KwaZulu Natal DestinationsHarburg, Natal Midlands
Take the Midlands Amble (not to be confused with the Midland Meander) and you'll find yourself on the lesser-explored perimeters to the south-west and north-east of Pietermaritzburg, with the Albert Falls Dam as the fulcrum.
The Amble incorporates the towns and villages of Pietermaritzburg, Hilton, Ashburton, Umlaas Road, Tala Valley, Richmond, Albert Falls, Bishopstowe, Wartburg, Harburg, New Hanover, Noodsburg, Greytown, Muden, Weenen and Hermannsburg.
Harburg lies off R614 just beyond Wartburg, one of several German communities that mushroomed after 1840. German settlers arrived to grow cotton for the Natal Cotton Company, but their attempts failed and many of the Bergtheil colonists who had settled in New Germany, Westville moved inland to the area around Pietermaritzburg and New Hanover.
In 2011 Harburg's beautiful Neuenkirche celebrated 125 years. The church is a hangover of the mission station established here by missionaries who originally set sail for Ethiopia, but could not land and continued on to Durban. After getting permission from Zulu chiefs they set up a few mission stations – Hermannsburg first and then New Hanover.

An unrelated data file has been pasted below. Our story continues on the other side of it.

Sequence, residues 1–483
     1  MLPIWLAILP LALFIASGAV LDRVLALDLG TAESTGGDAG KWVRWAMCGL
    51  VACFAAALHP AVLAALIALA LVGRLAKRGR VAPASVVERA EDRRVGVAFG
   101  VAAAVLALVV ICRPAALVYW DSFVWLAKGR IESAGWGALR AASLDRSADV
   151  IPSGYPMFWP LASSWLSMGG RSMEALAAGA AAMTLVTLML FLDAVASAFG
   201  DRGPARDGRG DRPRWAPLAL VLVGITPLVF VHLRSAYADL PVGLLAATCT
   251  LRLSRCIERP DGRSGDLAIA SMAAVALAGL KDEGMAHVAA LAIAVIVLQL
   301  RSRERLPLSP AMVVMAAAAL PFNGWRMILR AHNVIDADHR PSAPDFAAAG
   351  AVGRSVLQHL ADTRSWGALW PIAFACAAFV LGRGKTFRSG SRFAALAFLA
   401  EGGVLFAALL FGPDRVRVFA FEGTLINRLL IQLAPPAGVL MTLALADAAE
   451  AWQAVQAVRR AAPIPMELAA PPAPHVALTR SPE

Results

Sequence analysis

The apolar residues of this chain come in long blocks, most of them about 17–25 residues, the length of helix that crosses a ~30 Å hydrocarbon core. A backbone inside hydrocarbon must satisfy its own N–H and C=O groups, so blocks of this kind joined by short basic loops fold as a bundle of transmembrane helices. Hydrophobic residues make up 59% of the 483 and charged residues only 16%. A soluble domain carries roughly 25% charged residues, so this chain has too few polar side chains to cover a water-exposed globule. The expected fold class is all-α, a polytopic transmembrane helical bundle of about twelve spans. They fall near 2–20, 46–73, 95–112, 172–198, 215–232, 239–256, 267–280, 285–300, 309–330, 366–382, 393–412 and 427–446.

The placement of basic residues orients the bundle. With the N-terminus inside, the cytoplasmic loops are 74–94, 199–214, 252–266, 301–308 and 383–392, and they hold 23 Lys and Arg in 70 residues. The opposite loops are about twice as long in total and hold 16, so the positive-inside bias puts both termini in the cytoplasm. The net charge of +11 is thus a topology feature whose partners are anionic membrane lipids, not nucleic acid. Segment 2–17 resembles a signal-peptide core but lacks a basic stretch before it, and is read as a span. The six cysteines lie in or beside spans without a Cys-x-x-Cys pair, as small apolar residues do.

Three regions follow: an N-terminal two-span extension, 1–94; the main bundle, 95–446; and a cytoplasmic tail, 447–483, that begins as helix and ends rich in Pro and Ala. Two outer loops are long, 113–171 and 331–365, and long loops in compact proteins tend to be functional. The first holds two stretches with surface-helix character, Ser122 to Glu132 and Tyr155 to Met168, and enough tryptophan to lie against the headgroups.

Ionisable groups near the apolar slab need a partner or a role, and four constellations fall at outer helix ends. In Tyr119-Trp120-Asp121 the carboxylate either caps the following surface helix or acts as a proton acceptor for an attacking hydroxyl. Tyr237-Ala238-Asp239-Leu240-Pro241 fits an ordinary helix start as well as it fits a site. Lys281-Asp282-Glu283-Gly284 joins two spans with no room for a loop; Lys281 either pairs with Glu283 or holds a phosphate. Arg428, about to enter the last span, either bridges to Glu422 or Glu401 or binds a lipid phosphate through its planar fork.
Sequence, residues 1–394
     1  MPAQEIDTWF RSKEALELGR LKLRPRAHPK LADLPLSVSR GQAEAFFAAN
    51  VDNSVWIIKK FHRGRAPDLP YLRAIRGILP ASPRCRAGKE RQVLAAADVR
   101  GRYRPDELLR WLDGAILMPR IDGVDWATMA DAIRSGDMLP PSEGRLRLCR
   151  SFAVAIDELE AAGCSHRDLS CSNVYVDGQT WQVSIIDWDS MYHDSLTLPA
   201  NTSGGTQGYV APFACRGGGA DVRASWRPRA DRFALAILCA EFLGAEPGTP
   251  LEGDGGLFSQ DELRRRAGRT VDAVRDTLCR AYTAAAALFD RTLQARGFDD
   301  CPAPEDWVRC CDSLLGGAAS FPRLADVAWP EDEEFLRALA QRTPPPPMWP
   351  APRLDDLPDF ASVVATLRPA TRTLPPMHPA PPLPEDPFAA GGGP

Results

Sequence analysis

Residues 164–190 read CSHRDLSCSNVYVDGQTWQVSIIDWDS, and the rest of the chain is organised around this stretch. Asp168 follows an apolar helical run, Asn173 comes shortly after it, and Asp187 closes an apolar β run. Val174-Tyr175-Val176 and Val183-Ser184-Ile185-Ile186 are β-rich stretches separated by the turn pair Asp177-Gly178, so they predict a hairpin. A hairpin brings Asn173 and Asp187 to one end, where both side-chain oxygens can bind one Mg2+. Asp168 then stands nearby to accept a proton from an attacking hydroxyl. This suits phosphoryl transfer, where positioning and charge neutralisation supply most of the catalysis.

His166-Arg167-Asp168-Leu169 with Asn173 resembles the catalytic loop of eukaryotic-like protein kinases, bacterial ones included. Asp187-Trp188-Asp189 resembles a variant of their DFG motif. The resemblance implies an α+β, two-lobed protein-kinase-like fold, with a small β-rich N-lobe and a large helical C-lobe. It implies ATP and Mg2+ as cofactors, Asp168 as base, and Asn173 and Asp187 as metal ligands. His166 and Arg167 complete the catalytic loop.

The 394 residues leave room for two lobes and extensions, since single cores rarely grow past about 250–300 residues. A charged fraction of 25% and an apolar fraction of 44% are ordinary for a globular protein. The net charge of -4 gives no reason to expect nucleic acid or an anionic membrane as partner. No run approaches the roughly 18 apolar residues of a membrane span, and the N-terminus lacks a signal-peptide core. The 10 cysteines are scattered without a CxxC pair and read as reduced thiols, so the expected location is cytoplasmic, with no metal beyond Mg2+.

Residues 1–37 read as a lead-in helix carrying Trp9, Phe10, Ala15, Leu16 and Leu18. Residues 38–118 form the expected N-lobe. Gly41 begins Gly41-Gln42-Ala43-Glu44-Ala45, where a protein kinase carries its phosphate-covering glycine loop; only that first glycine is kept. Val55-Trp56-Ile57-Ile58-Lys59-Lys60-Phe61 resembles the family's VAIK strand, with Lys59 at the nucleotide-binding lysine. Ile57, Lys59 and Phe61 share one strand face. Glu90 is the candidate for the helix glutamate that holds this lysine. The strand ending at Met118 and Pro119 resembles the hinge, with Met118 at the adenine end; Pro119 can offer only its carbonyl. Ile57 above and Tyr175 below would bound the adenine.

Harburg only came later when several of the families broke away from these original mission stations, because of the distance they had to travel every Sunday, to build their own chapel, which they called Neuenkirchen (new church). Their town was originally known as Honey Grove. Only in 1893, once a trading store and a few houses had joined the church, was it named Harburg.
Today descendants of these same German settlers still live in Harburg – a pretty rural village that is still only a few homes and a converted post office (now a self-catering cottage). The original police station and community hall no longer stand. The school has been converted into a retreat. But the Neuenkirche still stands and continues to celebrate regular Sunday services in German and English.
There is a caravan park just outside the village.